A total of 50,112 participants were included in the analysis. The numbers of participants excluded and the reasons for exclusion are shown in . The mean age among eligible participants in 1986 was 52.5 years, and the distributions of the other risk factors are shown in . There were a total of 4,893 deaths between 1986 and 2004: 1,026 from cardiovascular disease (21%), 931 from smoking-related cancers (19%), 1,430 from cancers not related to smoking (29%), and 1,506 from all other causes (31%).
Study population and exclusions in the Nurses’ Health Study between study initiation in 1976 and current follow-up analysis beginning in 1986. CHD, coronary heart disease; NHS, Nurses’ Health Study.
The associations of each risk factor with all-cause mortality are shown in . Risk of mortality increased sharply with age (hazard ratio (HR) per 19 years = 5.78). Both greater body mass index at age 18 years and weight change since age 18 were associated with increased risk, although the association was stronger for body mass index at age 18 (HR per 7 kg/m2 = 1.23). Height also was positively associated with all-cause mortality (HR per 6 inches = 1.16; 1 inch = 2.54 cm). Both current smoking (HR vs. never = 1.48) and greater total pack-years of smoking (HR per 46 pack-years = 2.08) were associated with increased mortality risk, whereas physical activity was associated with decreased risk (HR per 33 MET-hours/week = 0.87). For alcohol consumption, there was a small decrease in risk for 0.1 g/day–9.9 g/day and 10 g/day–29.9 g/day (HRs vs. none = 0.90 and 0.91, respectively), but not for ≥30 g/day. Glycemic load (HR per 41 units = 1.22) and cholesterol intake (HR per 105 mg/1,000 kcal = 1.17) were positively associated with mortality, whereas nut consumption (HR for ≥2 servings/week vs. none or almost none = 0.86), polyunsaturated fat intake (HR per 3% of total energy intake = 0.85), and cereal fiber intake (HR per 4 g = 0.84) were inversely associated with risk. Initial models also included other dietary factors (e.g., intakes of fruit and vegetables, trans fat), but these were eliminated from the final model because of nonsignificant associations with mortality after adjustment for other risk factors (data not shown). Systolic blood pressure (HR for ≥160 vs. <120 mm Hg = 1.49), use of blood pressure medications (HR = 1.19), personal history of diabetes (HR = 2.45), parental myocardial infarction before age 60 years (HR = 1.14), and time since menopause (HR per 13 years = 1.15) were positively associated with all-cause mortality. Based on multiplication of the individual hazard ratios, the hazard ratio for all-cause mortality for the “worst” versus the “best” risk profile for all of the modifiable risk factors (body mass index at age 18 years, weight change, smoking status and amount/duration, physical activity, alcohol intake, and all of the dietary factors) was 12.32.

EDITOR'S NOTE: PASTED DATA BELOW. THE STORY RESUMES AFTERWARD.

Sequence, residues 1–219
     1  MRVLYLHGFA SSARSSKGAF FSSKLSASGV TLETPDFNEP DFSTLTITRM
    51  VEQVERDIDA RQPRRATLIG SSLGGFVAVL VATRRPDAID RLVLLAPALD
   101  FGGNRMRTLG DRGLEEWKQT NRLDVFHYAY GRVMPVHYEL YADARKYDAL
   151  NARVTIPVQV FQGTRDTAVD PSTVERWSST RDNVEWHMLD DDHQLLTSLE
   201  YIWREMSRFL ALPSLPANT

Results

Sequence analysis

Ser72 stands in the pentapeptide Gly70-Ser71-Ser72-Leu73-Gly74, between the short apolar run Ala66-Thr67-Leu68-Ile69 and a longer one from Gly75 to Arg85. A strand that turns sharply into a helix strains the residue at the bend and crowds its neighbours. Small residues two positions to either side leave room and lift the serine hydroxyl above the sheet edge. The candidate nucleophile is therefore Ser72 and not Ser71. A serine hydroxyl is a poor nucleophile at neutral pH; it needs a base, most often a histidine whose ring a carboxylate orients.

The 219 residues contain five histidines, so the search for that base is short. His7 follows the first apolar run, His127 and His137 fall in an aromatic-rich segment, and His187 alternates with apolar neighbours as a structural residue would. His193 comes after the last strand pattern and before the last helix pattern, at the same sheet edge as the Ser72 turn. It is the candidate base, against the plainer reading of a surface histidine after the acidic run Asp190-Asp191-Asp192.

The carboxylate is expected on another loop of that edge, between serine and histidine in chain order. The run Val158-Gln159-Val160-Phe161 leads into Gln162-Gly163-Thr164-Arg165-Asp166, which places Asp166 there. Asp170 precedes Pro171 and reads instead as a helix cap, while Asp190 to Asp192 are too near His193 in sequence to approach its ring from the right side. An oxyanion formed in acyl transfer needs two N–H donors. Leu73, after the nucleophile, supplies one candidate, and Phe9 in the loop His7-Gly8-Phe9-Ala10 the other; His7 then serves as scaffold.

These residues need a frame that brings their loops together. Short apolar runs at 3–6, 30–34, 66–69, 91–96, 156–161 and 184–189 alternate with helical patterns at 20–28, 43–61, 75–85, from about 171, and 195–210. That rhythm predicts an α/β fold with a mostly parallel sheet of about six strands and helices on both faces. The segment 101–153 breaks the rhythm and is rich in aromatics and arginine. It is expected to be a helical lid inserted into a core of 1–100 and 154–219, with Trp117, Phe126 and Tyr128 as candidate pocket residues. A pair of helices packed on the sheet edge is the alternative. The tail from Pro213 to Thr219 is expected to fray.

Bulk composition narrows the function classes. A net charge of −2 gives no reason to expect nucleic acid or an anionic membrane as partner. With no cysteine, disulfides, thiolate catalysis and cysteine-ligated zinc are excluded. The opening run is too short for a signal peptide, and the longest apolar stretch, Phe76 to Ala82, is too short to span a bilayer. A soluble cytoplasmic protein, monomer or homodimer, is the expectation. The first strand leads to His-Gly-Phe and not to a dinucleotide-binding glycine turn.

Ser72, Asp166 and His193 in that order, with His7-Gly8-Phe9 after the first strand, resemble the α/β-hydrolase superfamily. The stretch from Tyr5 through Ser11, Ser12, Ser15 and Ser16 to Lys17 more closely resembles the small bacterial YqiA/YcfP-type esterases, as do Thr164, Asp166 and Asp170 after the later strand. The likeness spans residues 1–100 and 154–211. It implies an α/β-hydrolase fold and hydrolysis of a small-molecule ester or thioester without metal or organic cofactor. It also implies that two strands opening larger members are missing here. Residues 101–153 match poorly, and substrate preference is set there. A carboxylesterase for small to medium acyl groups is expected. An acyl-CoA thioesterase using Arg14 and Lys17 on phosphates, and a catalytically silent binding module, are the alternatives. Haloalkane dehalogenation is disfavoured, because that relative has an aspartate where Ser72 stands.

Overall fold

Associations of Risk Factors With All-Cause Mortality From a Cox Proportional Hazards Model Among 50,112 Participants in the Nurses’ Health Study, 1986–2004a
The associations of each risk factor with cause-specific mortality are shown in . The relations of many factors with risk of death differed across causes. For example, age was more strongly associated with risk of death from cardiovascular disease (HR per 19 years = 6.98) and other causes (HR = 8.03) than from smoking-related cancers or other cancers, and the positive association for body mass index at age 18 years was stronger for risk of death from cardiovascular disease (HR per 7 kg/m2 = 1.61) than for any other causes. Weight change since age 18 years was positively associated with risk of death from cardiovascular disease (HR per 23 kg = 1.25) and other cancers (HR = 1.31), but inversely associated with risk of death from other causes (HR = 0.85). Current smoking was associated with increased risk of death from cardiovascular disease (HR vs. never = 2.02), smoking-related cancers (HR = 1.88), and other causes (HR = 1.57), but not from other cancers. Total number of pack-years of smoking was positively associated with risk of death from all of the causes, but most strongly for smoking-related cancers (HR per 46 pack-years = 3.54). Physical activity was most strongly inversely associated with risk of death from other causes (HR per 33 MET-hours/week = 0.76). The U-shaped association for alcohol consumption was observed only for risk of death from cardiovascular disease (HR for 0.1–9.9 g/day vs. none = 0.72) and other causes (HR = 0.83). Systolic blood pressure, use of blood pressure medications, and personal history of diabetes were positively associated with risk of death from cardiovascular disease and other causes, but not from smoking-related cancers or other cancers. Time since menopause was positively associated with risk of death from cardiovascular disease, smoking-related cancers, and other causes, but inversely associated with risk of death from other cancers. The hazard ratio for the “worst” versus the “best” risk profile for the modifiable risk factors was 24.14 for cardiovascular disease mortality, 16.02 for smoking-related cancer mortality, 5.73 for other cancer mortality, and 12.50 for other cause mortality.